SLIDESHOW

The Week in Mac Apps: Apps for geography, file management, and more

In this week’s roundup of new Mac apps, you’ll find a new way to keep your files organized, a little math help for your kids, and the answer to every geography question you could ever imagine.

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Apps for geography, file management, and more

In this week’s roundup of new Mac apps, you’ll find a new way to keep your files organized, a little math help for your kids, and the answer to every geography question you could ever imagine.

chikoo
Chikoo 1.0

Coding Turtle’s $21 Chikoo (Mac App Store Link) helps you organize your files into lists and libraries that transcend the layout of your disk storage.

The app allows you to group documents by type, description, or custom attributes. Once grouped, you can tell it to either leave files where they are in the file system, or group them into a folder of your choosing.

economyglobe3d
Economy Globe 3D

Travel And Play’s $5 Economy Globe 3D is a tool for people who want to get to know the world they live in better.

The app gives you a three-dimensional view of the earth, on which you can discover detailed geopolitical information about every country on the planet. If you’ve ever wondered what the population of Germany is, or can’t remember what the flag of Chile looks like, Economy Global 3D can help you out.

fractions
Fractions and Smart Pirates 1.1

Here’s something for the little ones in your family. Virtual Space OOO’s Fractions and Smart Pirates helps kids get a leg up on fractions with a fun, pirate-themed game.

The app takes players to four islands, where they are challenged with puzzles of increasing difficulty. Better yet, it’s free, with daily limits that can be removed with a $1 in-app purchase.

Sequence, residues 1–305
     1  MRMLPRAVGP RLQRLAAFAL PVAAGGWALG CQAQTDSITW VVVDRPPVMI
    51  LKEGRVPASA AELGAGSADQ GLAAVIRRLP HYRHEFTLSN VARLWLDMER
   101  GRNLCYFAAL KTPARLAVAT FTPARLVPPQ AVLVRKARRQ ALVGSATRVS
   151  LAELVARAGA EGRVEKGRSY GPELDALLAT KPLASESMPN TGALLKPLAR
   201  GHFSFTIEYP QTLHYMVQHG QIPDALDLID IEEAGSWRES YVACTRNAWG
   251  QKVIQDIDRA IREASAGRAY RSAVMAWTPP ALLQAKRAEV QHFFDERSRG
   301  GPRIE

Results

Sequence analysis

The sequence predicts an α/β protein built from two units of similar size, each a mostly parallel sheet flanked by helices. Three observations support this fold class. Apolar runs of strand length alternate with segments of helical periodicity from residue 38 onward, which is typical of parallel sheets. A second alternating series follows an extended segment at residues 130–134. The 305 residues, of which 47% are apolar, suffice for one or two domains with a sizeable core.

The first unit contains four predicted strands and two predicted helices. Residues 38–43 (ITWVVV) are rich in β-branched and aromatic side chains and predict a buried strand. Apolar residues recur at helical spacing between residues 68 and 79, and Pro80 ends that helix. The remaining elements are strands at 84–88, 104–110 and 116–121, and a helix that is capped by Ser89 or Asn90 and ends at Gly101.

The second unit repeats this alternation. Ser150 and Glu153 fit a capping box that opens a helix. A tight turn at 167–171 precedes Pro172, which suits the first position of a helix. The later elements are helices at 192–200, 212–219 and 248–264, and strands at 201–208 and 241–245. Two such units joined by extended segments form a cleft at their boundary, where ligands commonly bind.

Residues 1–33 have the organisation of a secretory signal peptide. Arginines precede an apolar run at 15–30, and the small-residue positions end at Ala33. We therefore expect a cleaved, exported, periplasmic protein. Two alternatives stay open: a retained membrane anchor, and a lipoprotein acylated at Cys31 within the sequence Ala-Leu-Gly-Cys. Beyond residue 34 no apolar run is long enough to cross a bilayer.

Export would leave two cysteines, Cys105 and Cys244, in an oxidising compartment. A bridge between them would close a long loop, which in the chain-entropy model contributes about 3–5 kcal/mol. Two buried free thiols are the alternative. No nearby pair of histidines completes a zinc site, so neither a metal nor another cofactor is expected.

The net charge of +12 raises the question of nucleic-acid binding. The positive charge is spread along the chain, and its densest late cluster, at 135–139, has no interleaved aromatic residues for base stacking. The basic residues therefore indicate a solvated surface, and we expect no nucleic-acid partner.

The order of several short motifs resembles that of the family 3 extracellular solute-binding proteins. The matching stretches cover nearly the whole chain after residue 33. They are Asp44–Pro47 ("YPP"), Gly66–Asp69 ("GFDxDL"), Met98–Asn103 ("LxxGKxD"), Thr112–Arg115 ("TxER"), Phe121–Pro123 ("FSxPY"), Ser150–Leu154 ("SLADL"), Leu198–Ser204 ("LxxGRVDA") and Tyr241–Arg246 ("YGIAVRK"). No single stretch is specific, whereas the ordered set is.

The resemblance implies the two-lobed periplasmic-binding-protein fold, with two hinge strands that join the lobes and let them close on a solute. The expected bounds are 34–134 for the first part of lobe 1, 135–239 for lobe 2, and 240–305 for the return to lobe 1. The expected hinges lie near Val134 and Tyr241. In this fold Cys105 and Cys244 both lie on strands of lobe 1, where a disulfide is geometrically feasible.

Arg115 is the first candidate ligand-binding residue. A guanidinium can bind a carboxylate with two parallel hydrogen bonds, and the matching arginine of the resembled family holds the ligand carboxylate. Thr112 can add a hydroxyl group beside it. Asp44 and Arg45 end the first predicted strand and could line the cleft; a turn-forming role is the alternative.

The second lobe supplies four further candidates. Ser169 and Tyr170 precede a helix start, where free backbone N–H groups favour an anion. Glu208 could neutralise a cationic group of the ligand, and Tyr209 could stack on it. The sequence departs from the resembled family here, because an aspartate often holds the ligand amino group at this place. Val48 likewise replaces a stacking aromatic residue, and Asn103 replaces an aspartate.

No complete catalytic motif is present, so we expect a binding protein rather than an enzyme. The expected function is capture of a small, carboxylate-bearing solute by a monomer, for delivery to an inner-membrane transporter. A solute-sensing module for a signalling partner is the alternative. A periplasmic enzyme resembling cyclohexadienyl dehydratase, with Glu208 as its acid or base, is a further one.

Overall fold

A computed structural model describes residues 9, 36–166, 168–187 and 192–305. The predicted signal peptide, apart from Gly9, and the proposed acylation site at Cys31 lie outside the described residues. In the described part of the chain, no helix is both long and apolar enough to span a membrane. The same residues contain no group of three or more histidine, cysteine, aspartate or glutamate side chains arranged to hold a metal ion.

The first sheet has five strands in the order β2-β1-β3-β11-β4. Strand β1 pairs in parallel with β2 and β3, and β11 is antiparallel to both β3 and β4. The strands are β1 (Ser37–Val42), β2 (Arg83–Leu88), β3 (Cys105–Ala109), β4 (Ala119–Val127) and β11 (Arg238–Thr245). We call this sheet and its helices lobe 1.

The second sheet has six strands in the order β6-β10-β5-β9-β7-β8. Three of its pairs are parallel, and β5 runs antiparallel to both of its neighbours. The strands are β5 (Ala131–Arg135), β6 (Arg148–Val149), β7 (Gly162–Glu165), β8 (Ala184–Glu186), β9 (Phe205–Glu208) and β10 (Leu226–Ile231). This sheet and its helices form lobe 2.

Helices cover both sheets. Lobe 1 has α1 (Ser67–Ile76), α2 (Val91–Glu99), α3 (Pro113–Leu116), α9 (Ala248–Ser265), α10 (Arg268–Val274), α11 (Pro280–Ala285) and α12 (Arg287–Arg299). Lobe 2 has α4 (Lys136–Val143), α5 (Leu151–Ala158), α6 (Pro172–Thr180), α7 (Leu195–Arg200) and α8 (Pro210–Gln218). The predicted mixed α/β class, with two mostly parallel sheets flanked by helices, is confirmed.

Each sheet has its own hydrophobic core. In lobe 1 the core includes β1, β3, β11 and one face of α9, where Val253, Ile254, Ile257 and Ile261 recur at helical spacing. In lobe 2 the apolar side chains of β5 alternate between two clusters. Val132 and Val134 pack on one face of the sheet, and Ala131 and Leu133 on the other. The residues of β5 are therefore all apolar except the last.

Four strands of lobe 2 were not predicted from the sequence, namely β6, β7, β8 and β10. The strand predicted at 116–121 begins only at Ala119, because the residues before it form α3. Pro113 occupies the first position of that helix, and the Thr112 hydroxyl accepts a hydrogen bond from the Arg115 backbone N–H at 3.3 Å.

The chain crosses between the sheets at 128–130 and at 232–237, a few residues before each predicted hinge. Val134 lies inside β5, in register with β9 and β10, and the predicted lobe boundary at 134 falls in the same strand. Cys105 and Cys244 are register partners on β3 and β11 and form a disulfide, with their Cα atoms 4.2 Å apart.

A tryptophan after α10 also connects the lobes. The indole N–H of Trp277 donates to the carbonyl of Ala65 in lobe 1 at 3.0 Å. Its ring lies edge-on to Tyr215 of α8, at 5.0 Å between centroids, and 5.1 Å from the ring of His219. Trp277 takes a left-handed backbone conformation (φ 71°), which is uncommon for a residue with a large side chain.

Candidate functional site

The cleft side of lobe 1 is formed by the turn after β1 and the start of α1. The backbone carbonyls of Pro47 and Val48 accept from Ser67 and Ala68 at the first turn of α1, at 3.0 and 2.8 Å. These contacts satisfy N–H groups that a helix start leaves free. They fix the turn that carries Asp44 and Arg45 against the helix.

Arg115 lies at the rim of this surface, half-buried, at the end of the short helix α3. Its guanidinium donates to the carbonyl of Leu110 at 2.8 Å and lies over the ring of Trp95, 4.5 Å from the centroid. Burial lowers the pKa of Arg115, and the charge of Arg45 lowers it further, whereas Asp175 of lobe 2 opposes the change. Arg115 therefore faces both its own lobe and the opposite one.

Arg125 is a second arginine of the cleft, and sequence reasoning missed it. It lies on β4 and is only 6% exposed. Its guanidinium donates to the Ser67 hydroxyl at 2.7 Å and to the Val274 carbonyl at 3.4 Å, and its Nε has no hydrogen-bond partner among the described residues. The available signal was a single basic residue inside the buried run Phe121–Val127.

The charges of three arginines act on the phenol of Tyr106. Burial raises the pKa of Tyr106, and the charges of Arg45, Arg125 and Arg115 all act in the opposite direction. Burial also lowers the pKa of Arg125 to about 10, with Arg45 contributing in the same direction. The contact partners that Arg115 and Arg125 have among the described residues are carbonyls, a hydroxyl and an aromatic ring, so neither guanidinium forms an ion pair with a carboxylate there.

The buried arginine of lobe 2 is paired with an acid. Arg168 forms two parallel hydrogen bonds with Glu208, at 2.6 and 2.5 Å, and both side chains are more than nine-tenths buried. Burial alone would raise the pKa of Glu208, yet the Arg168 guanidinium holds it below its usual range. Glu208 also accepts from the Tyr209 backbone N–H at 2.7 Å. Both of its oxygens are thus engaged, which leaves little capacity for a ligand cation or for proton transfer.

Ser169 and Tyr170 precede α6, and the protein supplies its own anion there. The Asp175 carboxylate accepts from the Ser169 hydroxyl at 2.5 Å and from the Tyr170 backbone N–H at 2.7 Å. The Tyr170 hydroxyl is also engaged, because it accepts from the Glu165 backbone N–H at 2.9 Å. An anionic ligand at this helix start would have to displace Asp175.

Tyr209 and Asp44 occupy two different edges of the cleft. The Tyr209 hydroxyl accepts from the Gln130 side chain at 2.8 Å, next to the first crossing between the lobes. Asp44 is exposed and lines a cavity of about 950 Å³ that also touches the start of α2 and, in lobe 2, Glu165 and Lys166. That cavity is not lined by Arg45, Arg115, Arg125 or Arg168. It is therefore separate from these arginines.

hdreffects
HDREffects 1.0.0

HumanSoftware’s $7 HDREffects (Mac App Store Link) lets you apply beautiful HDR effects to your photos without requiring the usual multi-capture approach.

The app works with most common image formats, and allows you to tweak parameters like hue, saturation, and lightness. It’s a great tool for performing simple edits.

minuet
Minuet 1.0

If iTunes’ messy interface is starting to get on your nerves, it might be time to check out developer John Wells’s $5 Minuet (Mac App Store Link), a music player that focuses on a clean user experience and easy-to-use interface.

The app supports most common media formats, allows you to create your own playlists with a simple drag-and-drop operation—and, best of all, stays out of your way when all you want to do is listen to some tunes.

organize
Organize:Pro 2.5.3

Taskfabric’s $50 Organize:Pro (Mac App Store Link) makes managing your time easier by keeping track of your to-do list.

In addition to doing everything you would expect a modern task management app to, Organize:Pro features a very handy “what’s next” capability that helps you figure out exactly what you need to do at any given time.

records
Records 1.0

If you like order in you life, you may want to check out Push Popcorn’s $50 Records, a personal database system that can store text and most kinds of media.

The app sports a handy what-you-see-is-what-you-get interface that you can use to design your forms, and produces information sets that are fully searchable and can easily scale to tens of thousands of records.

vistaclock
VistaClock 2.0.1

When you work with people from all over the world, it doesn’t take much to get confused over timezones—and next thing you know, someone is asking you exactly why it is that you saw fit to wake them up at three in the morning.

That’s where Mazookie’s $2 VistaClock (Mac App Store Link) comes in: This simple app gives you the ability to set up a bank of clocks in multiple timezones, and, as a bonus, even gives you an at-a-glance look over your calendar.

youtype
YouType 1.1

Alexander Korotkov’s $2 YouType (Mac App Store Link) is the perfect tool for multilingual typers who frequently have to switch between different keyboard layouts.

The app displays an icon next to your mouse cursor that corresponds to your current keyboard layout, which you can see whenever you hover it near a text box. This allows you to quickly determine if you’re about to inadvertently type gibberish.